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Saturday, June 28, 2014

Book Review: Desolation Angels by James Axler

Desolation Angels
by James Axler

320 pages
Publisher: Gold Eagle

(July 1, 2014)
A hundred years after the nukecaust, the tortured landscape of postapocalyptic America offers a brutal fight for survival. Yet tech secrets lie hidden, useful to those brave and strong enough to believe that hope can carry them toward ever-elusive peace.

Violent gangs, a corrupt mayor and a heavily armed police force are the hallmarks of former Detroit, a mutie-infested, rubble-strewn metropolis. When Ryan and the companions show up, the Desolation Angels are waging a war to rule the streets. After saving the companions from being chilled by gangsters, the mayor hires Ryan and his friends to stop the Angels cold. But each hard blow toward victory proves there's no good side to be fighting for. As Motor City erupts into bloody conflagration, the companions are caught in the crossfire. In Deathlands, hell is called home.

Desolation Angels is a new installment in what appears to be a very long running and prolific series, which posed a significant problem for this reader. There was an excellent recap / introduction of the primary characters at the beginning of the book, just prior to chapter one, but had this not been provided the reader would, in my opinion, be lost. 

The book opens with these characters appearing in a chamber and their fight to escape as it begins to fill with sewage and zombie like creatures try to eat them and off we go. . .the story then proceeds with some very well written head loping, guns blasting, and explosive action.

The characters are very colorful and unique, both the good guys and baddies and I found myself begging to know more. However, the action continues scene after scene, fight and flight over and over again to the point I started to feel like the little old lady that made the hamburger commercial famous and could not help asking—where's the story? Every time the protagonists come to a stop and you think okay here we go, the story abruptly segs into another Shoot 'Em Up with absolutely no explanation why.

There is a small underlying tale here, but it does not emerge until the book is about three quarters of the way through by which time desensitization started to set in and no matter how well written the action scenes were, I just did not care anymore and actually considered finding a way to blow these guys up myself just to put them out of their misery.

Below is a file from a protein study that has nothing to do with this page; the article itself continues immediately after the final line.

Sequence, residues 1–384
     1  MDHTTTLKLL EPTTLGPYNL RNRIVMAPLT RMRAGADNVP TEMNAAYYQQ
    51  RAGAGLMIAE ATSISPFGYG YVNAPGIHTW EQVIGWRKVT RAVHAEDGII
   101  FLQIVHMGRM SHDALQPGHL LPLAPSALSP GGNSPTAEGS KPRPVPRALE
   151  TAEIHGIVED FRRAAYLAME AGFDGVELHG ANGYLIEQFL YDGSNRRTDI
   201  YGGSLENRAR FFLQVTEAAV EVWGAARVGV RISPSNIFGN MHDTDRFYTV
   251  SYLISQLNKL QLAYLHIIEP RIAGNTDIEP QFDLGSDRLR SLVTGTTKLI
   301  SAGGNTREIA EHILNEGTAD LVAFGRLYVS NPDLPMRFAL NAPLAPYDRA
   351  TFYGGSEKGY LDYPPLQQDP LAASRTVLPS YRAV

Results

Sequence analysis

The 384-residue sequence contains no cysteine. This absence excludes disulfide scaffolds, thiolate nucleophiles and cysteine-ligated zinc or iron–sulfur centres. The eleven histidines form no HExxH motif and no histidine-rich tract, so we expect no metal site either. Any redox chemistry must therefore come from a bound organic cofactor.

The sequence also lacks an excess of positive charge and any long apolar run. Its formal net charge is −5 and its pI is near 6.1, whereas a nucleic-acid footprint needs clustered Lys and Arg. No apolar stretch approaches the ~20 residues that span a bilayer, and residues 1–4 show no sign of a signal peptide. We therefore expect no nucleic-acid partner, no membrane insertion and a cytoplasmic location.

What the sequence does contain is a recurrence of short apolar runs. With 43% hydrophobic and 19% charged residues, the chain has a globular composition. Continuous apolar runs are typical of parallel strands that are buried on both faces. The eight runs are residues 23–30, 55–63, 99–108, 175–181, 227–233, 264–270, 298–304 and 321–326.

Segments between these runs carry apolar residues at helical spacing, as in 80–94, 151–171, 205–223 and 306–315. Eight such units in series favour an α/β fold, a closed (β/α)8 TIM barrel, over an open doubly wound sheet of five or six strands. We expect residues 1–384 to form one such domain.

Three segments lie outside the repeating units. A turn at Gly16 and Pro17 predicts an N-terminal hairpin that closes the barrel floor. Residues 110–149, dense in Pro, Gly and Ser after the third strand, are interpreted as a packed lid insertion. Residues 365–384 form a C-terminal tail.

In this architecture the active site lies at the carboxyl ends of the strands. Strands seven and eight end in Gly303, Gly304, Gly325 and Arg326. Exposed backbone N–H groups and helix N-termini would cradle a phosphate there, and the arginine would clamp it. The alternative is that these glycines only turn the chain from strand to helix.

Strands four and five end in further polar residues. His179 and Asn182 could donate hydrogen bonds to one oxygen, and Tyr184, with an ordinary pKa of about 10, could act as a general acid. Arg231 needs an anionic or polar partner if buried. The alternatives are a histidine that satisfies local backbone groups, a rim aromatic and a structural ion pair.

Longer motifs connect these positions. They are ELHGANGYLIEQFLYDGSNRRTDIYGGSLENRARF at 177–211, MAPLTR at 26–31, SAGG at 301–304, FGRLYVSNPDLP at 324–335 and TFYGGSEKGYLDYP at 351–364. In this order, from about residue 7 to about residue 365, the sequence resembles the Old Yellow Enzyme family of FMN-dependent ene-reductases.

Now for longtime fans of the series this is likely to be a great installment in the ongoing saga, after all the writer is very good at crafting these scenes and perhaps greater back story might make a difference, but I am not sure and stand behind the statement that this book needs more story and perhaps fewer flights and explosions. Had the head lopping and explosions not been so well done I would have given this read two sheep and if you are looking for nonstop action with little story to go with it, you will likely really enjoy the tale more than I. I received this book via NetGalley.

3 Sheep


About the Author/Gold Eagle Books:
James Axler is a house name used by the publishing company Gold Eagle Books, the action adventure series published by Harlequin Enterprises Ltd.

The name was first used for the "Deathlands" series, which began in 1986 with Pilgrimage to Hell, co-written by Christopher Lowder (under the pseudonym Jack Adrian) and Laurence James. James went on to write the next 32 novels before passing away on 9 February 2000.

The next writer to work under the Axler pen name was prolific author Mark Ellis. A comics creator and writer, Ellis created the cult-favorite character Death Hawk as well as adapting popular properties such as Doc Savage and The Wild Wild West.

Ellis contributed to Gold Eagle's The Executioner series and wrote three novels in the Deathlands series, with uncredited contributions to two others. In 1996 he created the popular Outlanders series. He has produced more books as "James Axler" than any other writer.

Other authors using the pseudonym for this series are (in no particular order):
Nick Pollotta, Mel Odom, Terry Collins, Alan Philipson, Andy Boot, Edo Van Belkom, Victor Milán, Douglas Wojtowicz, and Rik Hoskin.


  1. I have listened to a few of these books in the new all-cast audiobooks. They were fun, not too serious. One was set near where I live and totally had some landmarks wrong, even for a post-apocalyptic world. That added some extra amusement for me personally. I like that I can jump in pretty much anywhere in this series and enjoy books as individual reads. And I didn't know that 'James Axeler' was a house name under which several authors wrote. So thanks for that tidbit.

  2. Based on just one book, you're right super action packed. I would like to say that if you jump into the middle of Any book series you will probably be lost.